Clowns

In an era where problems abound – issues like the threat of a nuclear Iran, runaway federal spending, and an overreaching executive branch – it’s important to focus on the most urgent crises facing this country: a potential nationwide clown shortage! Fortunately, the New York Daily News is on top of it for all of us in this exclusive report:

As the “Greatest Show on Earth” returns to Brooklyn Thursday, circus folk fear a national clown shortage is on the horizon.

Membership at the country’s largest trade organizations for the jokesters has plunged over the past decade as declining interest, old age and higher standards among employers align against Krusty, Bozo and their crimson-nosed colleagues.

“What’s happening is attrition,” said Clowns of America International President Glen Kohlberger, who added that membership at the Florida-based organization has plummeted since 2006. “The older clowns are passing away.”

Membership at the World Clown Association, the country’s largest trade group for clowns, has dropped from about 3,500 to 2,500 since 2004.

Of course the clowning industry (and I can’t believe I just used that phrase) knows the solution to their problem – getting more kids and teens to consider clowning as a career.

“The challenge is getting younger people involved in clowning,” said Association President Deanna (Dee Dee) Hartmier, who said most of her members are over 40.

Kohlberger said that it’s difficult getting younger people who develop an early interest in the many facets of clowning to stick with it on the professional level.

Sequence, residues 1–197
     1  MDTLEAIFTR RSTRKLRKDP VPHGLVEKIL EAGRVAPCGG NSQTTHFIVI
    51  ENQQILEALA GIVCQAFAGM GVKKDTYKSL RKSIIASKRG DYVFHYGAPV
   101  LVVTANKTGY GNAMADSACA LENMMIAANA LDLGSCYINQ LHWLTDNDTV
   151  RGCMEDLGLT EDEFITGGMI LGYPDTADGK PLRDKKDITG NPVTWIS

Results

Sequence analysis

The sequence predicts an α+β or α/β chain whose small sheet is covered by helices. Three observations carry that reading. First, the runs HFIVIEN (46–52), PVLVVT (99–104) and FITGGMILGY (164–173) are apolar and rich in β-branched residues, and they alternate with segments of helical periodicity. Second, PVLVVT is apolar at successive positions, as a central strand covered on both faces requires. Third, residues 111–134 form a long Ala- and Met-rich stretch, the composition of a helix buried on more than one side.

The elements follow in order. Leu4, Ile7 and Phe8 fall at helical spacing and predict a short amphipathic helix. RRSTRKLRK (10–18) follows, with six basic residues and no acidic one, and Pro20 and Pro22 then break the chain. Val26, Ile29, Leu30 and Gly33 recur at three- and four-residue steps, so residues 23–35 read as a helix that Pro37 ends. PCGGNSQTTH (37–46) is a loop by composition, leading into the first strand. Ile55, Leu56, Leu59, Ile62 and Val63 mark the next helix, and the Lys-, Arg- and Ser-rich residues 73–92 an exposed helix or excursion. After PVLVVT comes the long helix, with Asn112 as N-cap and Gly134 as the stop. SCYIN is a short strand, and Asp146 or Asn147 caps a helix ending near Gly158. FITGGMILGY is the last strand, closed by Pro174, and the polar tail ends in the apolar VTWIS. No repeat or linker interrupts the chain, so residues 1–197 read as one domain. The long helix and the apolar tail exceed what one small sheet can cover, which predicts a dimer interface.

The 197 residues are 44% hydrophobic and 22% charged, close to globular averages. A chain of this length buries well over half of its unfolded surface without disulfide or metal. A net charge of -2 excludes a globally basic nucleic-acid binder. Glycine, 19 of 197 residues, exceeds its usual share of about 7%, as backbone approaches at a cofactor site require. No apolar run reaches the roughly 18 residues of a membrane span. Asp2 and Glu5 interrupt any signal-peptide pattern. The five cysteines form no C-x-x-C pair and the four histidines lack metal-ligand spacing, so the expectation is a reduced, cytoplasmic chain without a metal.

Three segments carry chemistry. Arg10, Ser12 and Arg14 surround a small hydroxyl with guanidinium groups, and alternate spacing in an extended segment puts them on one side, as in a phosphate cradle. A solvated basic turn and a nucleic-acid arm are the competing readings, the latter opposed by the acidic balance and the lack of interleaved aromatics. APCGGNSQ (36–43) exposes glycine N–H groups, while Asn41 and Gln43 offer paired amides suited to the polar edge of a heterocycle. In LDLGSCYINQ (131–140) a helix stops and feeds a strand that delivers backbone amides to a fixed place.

“What happens is they go on to high school and college and clowning isn’t cool anymore,” he said. “Clowning is then put on the back burner until their late 40s and early 50s.”

Cyrus Zavieh, the president of New York Clown Alley, a group that boasts 45 members across the New York area, said clowns can pull in up to $300 for a birthday party — but that’s hardly a financial incentive for many young people.

“American kids these days are thinking about different careers altogether,” said Zavieh, 44, who has worked under the moniker Cido for nearly two decades.

“They’re thinking about everything other than clowning.”

It’s up to this generation of parents to reverse this alarming trend. Instead of encouraging your sons and daughters to become doctors or lawyers or grooming them to carry on the family business, why not gently nudge them toward the noble art of clowning? We know from the clowning associations that it’s a challenging, multi-faceted, and rewarding career. Think about the joy you’d have as a parent watching your child entertaining thousands at The Greatest Show on Earth! Or imagine your pride as the clown you raised makes a little one scream and cower in fear.

None of us want to have to say one day in the future, “Remember clowns?” Don’t let these delightful entertainers become extinct. Don’t let clowning go the way of the Victrola or the black and white console television. Now is the time to ensure the future of clowning for future generations. For the children.

Unless clowns creep you or your kids out. In that case, never mind.